Lingering questions about how the former Holyoke schools superintendent handled allegations of abuse involving special-education students have cost him a new job heading the Minneapolis district.
The Minneapolis School Board voted unanimously Tuesday evening to cancel contract negotiations with Sergio Paez, said Dirk Tedmon, a Minneapolis Public Schools spokesman.
On Wednesday afternoon, Paez declined to comment on the board’s vote and said his future is unsettled.
“I don’t have any plans right now,” he said by phone.
“This is very difficult for me and my family, so I don’t know what I’m going to do.”
The vote left it unclear who will lead Minneapolis schools. The district’s interim superintendent, Michael Goar, is a former Boston Public Schools administrator and had been a finalist to take the seat permanently. But Goar received fewer votes than Paez.
The chairwoman of the Minneapolis school board, Jenny Arneson, said Wednesday that she could not say how the board would address the leadership void.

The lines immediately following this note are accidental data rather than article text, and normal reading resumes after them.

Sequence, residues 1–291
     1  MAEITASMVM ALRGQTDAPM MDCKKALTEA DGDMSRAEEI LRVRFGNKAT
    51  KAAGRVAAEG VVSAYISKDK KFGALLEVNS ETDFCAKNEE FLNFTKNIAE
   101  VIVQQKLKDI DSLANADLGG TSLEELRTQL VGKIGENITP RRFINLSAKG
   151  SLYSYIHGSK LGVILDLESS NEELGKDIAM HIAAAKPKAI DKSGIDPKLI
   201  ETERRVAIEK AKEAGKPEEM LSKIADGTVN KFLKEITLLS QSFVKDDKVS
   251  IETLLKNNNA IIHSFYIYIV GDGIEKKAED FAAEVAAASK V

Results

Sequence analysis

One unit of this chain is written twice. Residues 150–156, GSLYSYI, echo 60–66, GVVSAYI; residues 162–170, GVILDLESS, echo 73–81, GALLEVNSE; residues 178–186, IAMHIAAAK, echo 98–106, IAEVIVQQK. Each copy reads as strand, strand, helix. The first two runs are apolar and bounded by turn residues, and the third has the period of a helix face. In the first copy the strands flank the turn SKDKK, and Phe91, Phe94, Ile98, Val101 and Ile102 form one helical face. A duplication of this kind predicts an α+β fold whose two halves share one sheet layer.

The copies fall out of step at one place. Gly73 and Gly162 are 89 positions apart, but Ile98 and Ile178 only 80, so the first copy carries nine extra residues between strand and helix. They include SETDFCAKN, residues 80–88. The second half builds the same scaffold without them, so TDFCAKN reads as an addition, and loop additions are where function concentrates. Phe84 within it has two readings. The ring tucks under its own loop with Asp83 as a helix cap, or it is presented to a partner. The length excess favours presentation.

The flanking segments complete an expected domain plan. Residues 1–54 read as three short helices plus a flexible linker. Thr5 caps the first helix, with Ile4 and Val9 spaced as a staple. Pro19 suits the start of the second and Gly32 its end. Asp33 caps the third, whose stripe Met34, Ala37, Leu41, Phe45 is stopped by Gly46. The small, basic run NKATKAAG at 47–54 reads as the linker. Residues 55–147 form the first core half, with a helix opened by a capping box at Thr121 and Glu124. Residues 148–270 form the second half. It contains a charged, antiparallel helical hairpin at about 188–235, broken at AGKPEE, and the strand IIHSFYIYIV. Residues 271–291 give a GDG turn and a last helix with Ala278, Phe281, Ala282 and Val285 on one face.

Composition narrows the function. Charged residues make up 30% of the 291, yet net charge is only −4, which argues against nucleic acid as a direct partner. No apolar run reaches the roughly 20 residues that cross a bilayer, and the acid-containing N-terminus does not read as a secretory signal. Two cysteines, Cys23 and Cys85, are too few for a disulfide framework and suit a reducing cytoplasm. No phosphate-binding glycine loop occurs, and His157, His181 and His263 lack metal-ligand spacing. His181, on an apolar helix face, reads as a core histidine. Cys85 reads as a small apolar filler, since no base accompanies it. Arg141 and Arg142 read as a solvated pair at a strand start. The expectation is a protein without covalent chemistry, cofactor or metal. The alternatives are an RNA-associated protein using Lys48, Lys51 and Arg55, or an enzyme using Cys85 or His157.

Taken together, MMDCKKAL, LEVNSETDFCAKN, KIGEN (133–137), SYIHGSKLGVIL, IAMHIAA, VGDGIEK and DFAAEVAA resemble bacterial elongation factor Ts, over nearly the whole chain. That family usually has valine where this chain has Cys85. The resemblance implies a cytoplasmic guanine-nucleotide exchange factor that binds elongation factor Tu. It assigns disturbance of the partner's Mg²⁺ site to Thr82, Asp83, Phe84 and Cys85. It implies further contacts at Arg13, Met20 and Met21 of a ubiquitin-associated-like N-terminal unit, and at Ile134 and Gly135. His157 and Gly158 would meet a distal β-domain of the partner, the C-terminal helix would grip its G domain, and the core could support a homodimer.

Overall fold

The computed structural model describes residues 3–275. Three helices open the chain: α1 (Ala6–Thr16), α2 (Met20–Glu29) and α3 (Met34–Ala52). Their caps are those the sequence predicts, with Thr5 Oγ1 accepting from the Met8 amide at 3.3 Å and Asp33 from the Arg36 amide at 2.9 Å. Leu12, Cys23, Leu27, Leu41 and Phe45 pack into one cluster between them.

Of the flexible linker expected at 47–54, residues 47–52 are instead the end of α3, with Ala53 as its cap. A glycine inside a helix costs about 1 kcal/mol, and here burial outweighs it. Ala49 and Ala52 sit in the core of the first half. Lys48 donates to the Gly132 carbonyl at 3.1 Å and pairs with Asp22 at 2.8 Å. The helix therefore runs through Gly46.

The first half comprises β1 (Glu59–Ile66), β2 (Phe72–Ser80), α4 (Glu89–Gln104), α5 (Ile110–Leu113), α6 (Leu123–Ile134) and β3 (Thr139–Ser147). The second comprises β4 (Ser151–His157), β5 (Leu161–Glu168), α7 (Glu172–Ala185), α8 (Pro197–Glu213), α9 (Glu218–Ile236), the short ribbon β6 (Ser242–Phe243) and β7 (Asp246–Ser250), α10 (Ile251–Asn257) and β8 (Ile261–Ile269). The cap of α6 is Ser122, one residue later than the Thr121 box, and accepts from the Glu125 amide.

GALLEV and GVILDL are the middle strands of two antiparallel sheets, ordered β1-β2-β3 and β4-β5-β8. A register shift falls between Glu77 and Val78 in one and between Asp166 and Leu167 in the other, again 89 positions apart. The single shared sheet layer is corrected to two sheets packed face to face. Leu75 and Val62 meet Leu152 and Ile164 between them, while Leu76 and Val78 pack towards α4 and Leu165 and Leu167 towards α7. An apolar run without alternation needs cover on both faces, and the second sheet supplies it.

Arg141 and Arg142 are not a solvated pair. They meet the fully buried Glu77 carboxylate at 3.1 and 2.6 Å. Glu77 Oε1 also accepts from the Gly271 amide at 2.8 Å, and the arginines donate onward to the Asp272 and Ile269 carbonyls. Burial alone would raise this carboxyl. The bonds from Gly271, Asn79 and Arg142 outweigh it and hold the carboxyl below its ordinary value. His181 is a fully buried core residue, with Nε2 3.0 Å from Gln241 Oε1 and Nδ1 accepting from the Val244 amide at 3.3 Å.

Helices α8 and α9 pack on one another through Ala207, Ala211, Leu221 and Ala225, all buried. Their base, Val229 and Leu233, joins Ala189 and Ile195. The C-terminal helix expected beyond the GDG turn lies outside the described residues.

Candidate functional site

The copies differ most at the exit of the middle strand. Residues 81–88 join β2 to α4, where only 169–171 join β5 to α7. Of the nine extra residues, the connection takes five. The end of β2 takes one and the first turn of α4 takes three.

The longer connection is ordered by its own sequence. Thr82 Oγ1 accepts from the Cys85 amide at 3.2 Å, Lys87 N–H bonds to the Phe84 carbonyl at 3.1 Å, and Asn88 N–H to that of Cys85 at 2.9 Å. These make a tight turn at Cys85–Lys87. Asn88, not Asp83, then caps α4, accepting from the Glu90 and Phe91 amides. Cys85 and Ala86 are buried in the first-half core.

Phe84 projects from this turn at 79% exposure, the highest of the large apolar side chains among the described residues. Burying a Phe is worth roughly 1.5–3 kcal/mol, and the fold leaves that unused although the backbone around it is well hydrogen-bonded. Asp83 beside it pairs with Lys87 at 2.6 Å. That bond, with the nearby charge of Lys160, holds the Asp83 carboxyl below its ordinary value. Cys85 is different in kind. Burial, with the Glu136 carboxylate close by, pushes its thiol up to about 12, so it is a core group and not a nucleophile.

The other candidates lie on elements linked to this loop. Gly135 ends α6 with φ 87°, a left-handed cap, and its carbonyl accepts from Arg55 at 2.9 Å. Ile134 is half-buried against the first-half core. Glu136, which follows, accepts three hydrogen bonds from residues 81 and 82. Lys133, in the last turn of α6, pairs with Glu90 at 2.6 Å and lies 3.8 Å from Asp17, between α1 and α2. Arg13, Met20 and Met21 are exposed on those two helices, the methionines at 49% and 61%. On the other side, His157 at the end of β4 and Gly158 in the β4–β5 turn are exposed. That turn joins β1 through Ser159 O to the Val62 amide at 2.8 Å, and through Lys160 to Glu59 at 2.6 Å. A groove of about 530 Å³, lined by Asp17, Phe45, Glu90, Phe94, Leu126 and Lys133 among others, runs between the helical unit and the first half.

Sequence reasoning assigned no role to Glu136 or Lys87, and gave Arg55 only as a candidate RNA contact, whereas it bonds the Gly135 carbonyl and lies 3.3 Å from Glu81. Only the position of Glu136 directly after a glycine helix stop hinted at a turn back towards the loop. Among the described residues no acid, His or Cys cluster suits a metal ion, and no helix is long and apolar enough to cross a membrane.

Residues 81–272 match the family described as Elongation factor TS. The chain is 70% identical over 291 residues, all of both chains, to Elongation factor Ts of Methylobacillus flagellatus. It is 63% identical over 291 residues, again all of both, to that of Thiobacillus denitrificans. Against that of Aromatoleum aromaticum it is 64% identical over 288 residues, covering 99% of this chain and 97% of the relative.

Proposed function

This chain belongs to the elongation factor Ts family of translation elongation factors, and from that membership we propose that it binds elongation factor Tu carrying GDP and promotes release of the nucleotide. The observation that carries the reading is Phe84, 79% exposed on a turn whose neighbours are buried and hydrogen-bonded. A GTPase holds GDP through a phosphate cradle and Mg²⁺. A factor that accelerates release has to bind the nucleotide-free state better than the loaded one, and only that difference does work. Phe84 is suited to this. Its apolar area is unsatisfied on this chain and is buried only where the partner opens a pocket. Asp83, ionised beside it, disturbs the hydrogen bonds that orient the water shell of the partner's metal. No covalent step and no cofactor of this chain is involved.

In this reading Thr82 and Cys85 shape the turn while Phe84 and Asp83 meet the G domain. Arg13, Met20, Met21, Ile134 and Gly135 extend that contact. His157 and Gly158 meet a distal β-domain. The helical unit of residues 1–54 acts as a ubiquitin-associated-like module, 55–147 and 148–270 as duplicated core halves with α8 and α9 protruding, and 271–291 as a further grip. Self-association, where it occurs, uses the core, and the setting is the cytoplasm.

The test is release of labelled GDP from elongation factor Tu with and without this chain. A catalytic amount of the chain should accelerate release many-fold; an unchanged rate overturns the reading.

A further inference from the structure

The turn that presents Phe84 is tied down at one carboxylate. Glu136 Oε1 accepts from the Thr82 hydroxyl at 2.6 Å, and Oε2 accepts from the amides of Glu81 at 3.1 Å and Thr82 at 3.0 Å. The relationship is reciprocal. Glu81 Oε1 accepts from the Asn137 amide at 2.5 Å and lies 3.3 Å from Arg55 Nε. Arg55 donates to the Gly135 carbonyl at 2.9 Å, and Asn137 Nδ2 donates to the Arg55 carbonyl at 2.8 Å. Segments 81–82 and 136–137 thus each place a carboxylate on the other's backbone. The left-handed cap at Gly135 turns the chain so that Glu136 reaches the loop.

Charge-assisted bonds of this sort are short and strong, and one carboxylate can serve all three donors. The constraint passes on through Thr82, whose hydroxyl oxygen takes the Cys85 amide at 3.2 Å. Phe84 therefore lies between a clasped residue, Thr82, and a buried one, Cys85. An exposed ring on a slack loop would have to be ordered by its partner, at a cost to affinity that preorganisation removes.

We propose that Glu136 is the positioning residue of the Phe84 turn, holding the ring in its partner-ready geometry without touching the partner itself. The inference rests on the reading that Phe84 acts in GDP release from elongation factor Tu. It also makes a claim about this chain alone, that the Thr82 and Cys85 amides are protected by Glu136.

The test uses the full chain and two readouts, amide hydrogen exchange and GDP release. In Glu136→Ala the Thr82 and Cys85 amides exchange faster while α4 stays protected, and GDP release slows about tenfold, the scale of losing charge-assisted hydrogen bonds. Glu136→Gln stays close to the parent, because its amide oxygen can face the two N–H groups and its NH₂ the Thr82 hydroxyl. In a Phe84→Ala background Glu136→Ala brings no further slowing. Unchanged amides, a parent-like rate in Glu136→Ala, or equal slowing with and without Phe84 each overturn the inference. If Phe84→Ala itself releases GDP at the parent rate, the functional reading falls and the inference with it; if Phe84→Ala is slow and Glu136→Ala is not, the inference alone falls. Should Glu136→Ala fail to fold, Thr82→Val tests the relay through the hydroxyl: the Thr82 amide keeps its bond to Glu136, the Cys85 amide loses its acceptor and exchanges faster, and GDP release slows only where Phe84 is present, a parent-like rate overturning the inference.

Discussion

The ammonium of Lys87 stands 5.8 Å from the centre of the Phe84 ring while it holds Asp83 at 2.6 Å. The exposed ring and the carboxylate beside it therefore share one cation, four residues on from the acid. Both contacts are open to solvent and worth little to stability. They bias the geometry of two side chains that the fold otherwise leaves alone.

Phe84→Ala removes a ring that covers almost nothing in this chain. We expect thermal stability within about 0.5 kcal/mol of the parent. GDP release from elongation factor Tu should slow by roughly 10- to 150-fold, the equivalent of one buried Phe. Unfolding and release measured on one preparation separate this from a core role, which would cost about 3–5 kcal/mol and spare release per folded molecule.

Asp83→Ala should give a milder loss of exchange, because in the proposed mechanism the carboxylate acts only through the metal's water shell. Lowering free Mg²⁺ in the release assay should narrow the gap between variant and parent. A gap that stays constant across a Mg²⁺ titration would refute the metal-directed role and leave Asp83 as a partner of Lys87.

“Last night was a difficult night and not one that I was proud to be a part of,” Arneson said in a statement. “There’s plenty of blame to go around. The board needs to come together if we are going to make a good decision for the kids of Minneapolis and this is what I’m going to be working on starting now.”
The Minneapolis board voted to hire Paez early last month, two days before the release of a report by the Disability Law Center that alleged students with behavioral and emotional disabilities were abused at Holyoke’s Peck Full Service Community School while Paez was superintendent.
A week later, Minneapolis suspended contract talks with Paez pending a visit to Holyoke by two school board members and their report back to the panel Tuesday.
Paez lost his job in Holyoke last summer after state officials voted to take over the long-troubled school district and place it under control of a state-appointed receiver.
Following the abuse allegations, Paez repeatedly defended his actions in Holyoke. He said he had ensured that claims of abuse were thoroughly investigated and that his staff could not verify allegations made at the Peck School.
He could not account for the School Department’s inability to substantiate the claims of abuse made by a former Peck School employee, Liza Hirsch, in a detailed seven-page letter she submitted to Paez upon her resignation in March.
That letter became the basis of investigations by the Disability Law Center and the state Department of Elementary and Secondary Education that found abuse at the Peck School.